Traverse City Record-Eagle


July 7, 2013

The booming business of cherries

TRAVERSE CITY — Festivals are fun, but cherries are big business year-round in northwest Michigan.

Farming, fruit processing, distribution of nutriceuticals, retail and drawing in tourists are examples of the economic impact cherries have throughout the region.

“Fifty percent of the nation’s supply of tart cherries is produced in northwest Michigan, which is significant,” said Cherry Marketing Institute President Phil Korson.

Excluding 2012's weather-related crop damage, the region produces an average 110-million pounds of tart cherries annually among 252 farms. The farms cover 17,900 acres in Grand Traverse, Leelanau, Benzie, Manistee, Antrim and Charlevoix counties, according to USDA statistics.

The farm value of cherry production statewide averages $46 million annually.

“It is also an industry that has reinvented itself to be relevant today…and has found its way into the national media,” Korson said, noting cherries have evolved from bakery ingredients into a health food and super fruit.

One example of an entrepreneur making a cherry-based business work is Michelle’s Miracle, founded by Michelle White of Leland in 2001. The business sells cherry concentrate as a dietary supplement to more than 2,000 groceries and retailers throughout the country, including such national chains as Whole Foods.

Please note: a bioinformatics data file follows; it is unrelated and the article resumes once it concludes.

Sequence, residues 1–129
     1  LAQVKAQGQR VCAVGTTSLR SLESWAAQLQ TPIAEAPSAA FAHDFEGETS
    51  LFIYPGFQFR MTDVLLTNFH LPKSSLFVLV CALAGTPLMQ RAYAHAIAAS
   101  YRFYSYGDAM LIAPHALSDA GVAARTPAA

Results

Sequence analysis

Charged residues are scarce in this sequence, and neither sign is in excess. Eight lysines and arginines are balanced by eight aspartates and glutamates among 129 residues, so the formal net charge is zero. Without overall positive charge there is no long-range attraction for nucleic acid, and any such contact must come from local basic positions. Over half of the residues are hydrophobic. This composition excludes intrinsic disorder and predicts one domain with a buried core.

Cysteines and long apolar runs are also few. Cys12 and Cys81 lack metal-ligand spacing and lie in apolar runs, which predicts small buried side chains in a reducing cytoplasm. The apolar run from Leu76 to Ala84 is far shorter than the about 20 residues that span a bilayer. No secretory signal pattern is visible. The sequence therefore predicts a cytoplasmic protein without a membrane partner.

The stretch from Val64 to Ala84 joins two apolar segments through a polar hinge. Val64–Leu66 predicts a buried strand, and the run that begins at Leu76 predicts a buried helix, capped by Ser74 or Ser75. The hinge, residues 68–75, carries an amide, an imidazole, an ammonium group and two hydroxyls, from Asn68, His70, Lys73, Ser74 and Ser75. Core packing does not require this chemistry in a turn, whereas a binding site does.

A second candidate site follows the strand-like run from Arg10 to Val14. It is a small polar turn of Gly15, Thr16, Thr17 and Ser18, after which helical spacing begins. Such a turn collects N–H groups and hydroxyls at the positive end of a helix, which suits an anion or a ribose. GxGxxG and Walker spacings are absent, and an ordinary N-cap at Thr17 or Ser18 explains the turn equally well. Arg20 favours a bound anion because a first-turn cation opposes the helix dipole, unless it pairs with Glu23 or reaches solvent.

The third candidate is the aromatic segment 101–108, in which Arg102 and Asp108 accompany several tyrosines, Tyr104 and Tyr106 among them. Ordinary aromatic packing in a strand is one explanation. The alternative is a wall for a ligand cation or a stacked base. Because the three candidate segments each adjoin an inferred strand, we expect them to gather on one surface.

“We started selling one bottle at a time…and built out one store at a time,” White said, noting distributors wouldn’t initially carry her product unless stores were buying, but stores wouldn’t order unless distributors were carrying it.

She addressed the problem by doing store demonstrations and educating snowbirds about the health benefits, building a customer base hands on. Today, the business has sold more than 100,000 bottles of Michele’s Miracle, relying on local cherries for the concentrate and bottling and shipping through Cherry Growers in Traverse City.

Traverse City Area Chamber of Commerce president Doug Luciani said at least 10 to 15 percent of the chamber’s 2,000 members are directly involved with cherries. Close to 75 percent are directly or indirectly impacted by the industry.

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